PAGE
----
79it is likely to work by acquiring manifests from rootcaps on a periodic
80basis, keeping track of checker results, managing lease-addition, and
81prioritizing repair and rebalancing of shares. Eventually it may use multiple
82worker nodes to perform these jobs in parallel.
84.. _#543:
87Server Side Expiration
90Expiration must be explicitly enabled on each storage server, since the
91default behavior is to never expire shares. Expiration is enabled by adding
92config keys to the ``[storage]`` section of the ``tahoe.cfg`` file (as described
93below) and restarting the server node.
95Each lease has two parameters: a create/renew timestamp and a duration. The
96timestamp is updated when the share is first uploaded (i.e. the file or
97directory is created), and updated again each time the lease is renewed (i.e.
98"``tahoe check --add-lease``" is performed). The duration is currently fixed
99at 31 days, and the "nominal lease expiration time" is simply $duration
100seconds after the $create_renew timestamp. (In a future release of Tahoe, the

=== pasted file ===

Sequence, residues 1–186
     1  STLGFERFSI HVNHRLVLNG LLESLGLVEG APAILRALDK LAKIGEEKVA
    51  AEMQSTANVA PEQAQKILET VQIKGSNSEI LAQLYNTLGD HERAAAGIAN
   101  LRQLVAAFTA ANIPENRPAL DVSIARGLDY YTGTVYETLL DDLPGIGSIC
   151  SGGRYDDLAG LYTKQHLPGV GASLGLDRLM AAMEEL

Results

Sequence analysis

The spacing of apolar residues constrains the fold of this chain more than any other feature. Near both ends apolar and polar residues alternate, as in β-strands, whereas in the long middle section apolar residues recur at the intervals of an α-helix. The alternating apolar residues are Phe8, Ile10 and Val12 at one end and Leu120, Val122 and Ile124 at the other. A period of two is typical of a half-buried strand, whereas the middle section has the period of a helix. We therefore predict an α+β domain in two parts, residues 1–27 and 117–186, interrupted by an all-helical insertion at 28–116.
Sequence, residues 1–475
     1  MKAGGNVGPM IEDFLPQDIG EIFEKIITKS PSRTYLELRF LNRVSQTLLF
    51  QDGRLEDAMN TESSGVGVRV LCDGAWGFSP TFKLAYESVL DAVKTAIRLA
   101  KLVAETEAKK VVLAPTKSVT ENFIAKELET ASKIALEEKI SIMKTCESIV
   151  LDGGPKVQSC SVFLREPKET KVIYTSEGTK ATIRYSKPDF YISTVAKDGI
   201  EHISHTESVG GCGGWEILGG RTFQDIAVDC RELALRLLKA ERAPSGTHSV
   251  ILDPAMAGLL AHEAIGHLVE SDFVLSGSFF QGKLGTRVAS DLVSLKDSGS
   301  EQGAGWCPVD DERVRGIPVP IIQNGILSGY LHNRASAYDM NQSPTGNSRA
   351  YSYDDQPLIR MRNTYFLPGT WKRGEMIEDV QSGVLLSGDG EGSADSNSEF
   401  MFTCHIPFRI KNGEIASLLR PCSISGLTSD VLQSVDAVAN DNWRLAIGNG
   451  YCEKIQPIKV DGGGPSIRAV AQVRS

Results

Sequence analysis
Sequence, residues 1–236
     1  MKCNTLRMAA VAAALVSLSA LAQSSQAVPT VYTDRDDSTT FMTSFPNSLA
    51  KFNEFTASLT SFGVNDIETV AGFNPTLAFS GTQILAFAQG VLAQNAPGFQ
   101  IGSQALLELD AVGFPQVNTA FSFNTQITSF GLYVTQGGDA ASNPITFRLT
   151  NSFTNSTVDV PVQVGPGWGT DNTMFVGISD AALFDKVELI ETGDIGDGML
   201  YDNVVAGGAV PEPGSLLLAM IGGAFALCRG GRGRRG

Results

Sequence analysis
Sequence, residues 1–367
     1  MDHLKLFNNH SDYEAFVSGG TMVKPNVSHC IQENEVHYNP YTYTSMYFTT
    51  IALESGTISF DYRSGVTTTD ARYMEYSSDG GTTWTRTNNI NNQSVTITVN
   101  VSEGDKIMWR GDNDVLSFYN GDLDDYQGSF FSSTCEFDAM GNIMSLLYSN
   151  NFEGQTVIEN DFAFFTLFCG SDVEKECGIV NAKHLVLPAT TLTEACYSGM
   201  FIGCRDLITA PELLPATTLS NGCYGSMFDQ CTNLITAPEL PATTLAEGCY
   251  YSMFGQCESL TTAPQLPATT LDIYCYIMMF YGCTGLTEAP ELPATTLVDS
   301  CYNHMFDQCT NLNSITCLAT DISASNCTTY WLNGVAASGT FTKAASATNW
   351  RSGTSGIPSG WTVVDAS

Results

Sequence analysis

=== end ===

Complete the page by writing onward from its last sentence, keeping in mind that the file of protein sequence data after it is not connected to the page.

101client will get to request a specific duration, and the server will accept or
102reject the request depending upon its local configuration, so that servers
103can achieve better control over their storage obligations.)
105The lease-expiration code has two modes of operation. The first is age-based:
106leases are expired when their age is greater than their duration. This is the
107preferred mode: as long as clients consistently update their leases on a
108periodic basis, and that period is shorter than the lease duration, then all
109active files and directories will be preserved, and the garbage will
110collected in a timely fashion.
112Since there is not yet a way for clients to request a lease duration of other
113than 31 days, there is a ``tahoe.cfg`` setting to override the duration of all